- Historic Sites
Private Fastness: Tales Of Wild
CUMBERLAND ISLAND AND HOW MODERN TIMES AT LAST HAVE REACHED IT
April 1972 | Volume 23, Issue 3
Most of the members of the Carnegie family with property on Cumberland have become fiercely attached to the island, particularly Mrs. Lucy Ferguson, the handsome granddaughter of Thomas and Lucy Carnegie. “Mrs. Lucy,” as she is called, has spent a considerable part of her life protecting the natural environment and the wildlife on the island, and she probably feels more keenly than any other person the encroachment of the outside world. Her son O. Ricketson “Rick” Ferguson lives at Greyfield, which he operates as an exclusive inn. When Charles Fraser managed to buy more than three thousand acres on the island in 1968, Mrs. Ferguson and Rick determined that they would prefer to see their island become a national park rather than a vacation suburb. All the Cumberland landowners, including the Candlers on the north end of the island, were concerned that Eraser’s development would mean the construction of a causeway from the mainland to the island, and this, they knew, would result in incredible damage to the fecund but fragile ecology of the marshlands and, eventually, to the island itself. When Fraser’s proposed development came to the attention of conservationists, he was treated to a storm of public protests that rang all the way from the state capitol in Atlanta to the university in Athens.
Fraser, who did not get rich through fighting impossible battles, backed off and agreed to sell his share of the island to the National Park Foundation, which plans eventually to purchase all the land on Cumberland in parcels and then convey the island to the Department of the Interior. It was a narrow escape and a great victory for conservationists in Georgia and the Southeast, and possibly Eraser’s defeat may establish a precedent for the future development of the entire coast.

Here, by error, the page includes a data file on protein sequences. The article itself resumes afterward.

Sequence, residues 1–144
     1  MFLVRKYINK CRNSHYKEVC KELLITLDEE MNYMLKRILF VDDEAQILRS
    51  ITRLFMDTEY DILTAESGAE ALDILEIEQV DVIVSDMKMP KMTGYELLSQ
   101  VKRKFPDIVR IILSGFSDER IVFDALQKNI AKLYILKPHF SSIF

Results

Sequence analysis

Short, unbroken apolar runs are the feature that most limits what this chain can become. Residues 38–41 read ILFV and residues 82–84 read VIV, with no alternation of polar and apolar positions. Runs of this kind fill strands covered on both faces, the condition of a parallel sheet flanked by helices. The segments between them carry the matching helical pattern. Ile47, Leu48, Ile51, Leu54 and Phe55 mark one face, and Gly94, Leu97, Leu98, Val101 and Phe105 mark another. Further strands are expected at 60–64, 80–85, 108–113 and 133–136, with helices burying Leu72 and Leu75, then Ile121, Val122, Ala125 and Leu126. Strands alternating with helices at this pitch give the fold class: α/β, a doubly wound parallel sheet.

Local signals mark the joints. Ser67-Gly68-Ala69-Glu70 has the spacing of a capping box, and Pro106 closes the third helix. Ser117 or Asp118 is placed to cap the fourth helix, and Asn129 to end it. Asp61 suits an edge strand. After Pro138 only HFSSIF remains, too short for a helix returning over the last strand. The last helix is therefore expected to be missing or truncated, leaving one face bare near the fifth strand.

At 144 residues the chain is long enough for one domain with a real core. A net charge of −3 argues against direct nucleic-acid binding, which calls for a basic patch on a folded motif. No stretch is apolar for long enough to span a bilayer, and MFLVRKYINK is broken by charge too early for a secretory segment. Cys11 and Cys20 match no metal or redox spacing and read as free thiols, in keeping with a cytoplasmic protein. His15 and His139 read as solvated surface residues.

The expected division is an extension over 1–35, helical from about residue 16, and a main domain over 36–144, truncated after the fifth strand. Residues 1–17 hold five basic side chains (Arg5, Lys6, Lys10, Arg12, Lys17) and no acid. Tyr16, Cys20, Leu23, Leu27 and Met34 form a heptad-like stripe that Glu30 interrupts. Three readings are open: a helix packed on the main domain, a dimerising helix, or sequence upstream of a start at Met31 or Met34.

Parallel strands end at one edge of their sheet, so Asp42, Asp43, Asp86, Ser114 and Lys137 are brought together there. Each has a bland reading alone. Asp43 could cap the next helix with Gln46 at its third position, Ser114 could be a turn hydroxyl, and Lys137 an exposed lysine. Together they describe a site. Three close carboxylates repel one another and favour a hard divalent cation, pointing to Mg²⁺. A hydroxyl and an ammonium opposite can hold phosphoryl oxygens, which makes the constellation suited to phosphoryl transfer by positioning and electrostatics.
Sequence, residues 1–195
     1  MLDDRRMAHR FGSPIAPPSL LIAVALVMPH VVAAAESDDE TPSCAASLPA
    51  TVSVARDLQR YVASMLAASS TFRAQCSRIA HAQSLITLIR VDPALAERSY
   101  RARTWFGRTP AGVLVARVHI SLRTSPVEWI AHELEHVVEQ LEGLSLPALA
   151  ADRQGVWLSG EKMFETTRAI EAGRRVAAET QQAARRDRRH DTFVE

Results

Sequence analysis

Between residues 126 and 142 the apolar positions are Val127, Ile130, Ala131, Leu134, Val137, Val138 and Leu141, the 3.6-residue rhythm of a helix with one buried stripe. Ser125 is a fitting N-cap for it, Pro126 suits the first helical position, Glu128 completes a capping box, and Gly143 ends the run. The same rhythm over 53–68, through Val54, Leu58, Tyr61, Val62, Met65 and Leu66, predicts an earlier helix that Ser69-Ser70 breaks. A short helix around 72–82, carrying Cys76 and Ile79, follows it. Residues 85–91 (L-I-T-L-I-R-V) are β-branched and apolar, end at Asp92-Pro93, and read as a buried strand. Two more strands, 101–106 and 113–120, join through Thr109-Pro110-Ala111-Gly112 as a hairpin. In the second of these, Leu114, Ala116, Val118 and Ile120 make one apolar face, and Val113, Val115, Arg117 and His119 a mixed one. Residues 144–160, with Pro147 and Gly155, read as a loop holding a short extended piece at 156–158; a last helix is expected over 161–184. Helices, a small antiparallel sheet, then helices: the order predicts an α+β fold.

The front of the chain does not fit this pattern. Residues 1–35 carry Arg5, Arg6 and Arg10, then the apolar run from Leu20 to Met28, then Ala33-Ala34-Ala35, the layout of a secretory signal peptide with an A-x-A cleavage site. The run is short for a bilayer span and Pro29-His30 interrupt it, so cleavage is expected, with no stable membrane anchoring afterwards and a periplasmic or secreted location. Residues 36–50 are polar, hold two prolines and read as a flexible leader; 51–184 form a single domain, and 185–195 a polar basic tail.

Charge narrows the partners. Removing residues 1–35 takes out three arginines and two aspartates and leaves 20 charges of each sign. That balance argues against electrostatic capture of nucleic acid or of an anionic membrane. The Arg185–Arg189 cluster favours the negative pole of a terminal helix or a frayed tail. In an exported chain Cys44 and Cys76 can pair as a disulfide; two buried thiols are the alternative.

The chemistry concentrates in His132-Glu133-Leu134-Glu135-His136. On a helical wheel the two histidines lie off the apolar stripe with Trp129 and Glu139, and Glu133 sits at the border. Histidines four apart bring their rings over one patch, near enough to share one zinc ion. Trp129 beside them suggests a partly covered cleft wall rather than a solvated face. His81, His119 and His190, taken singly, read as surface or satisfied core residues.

As for Cumberland, the National Park Service does not know exactly when the island will be opened to the public. It may take as long as two years to complete the purchase of the land; the price is steep, said to approach ten million dollars for the entire island. Plans now call for utilization of existing buildings as visitor centers and the gradual development of trails, boat decks, picnic areas, and primitive camping facilities. Of course, no causeway will be constructed, and visitors will be taken to the island by ferry.
The island will be a haven for nature lovers: it is situated on the edge of the Atlantic fly way, and thousands of ducks flock to the island lakes in the winter. There is also excellent fishing for channel bass, mackerel, snapper, pompano, bluefish, and sea trout. But most people, doubtless, will find the island’s magnificent beach the main attraction.
It is to be fervently prayed, of course, that the public will show as much respect and appreciation for the natural resources of the island as have the past owners. It is also to be hoped that the island’s past will be remembered. For the Cumberland National Seashore will be one of the few areas in the National Park lands in which each epoch of American history is clearly traceable.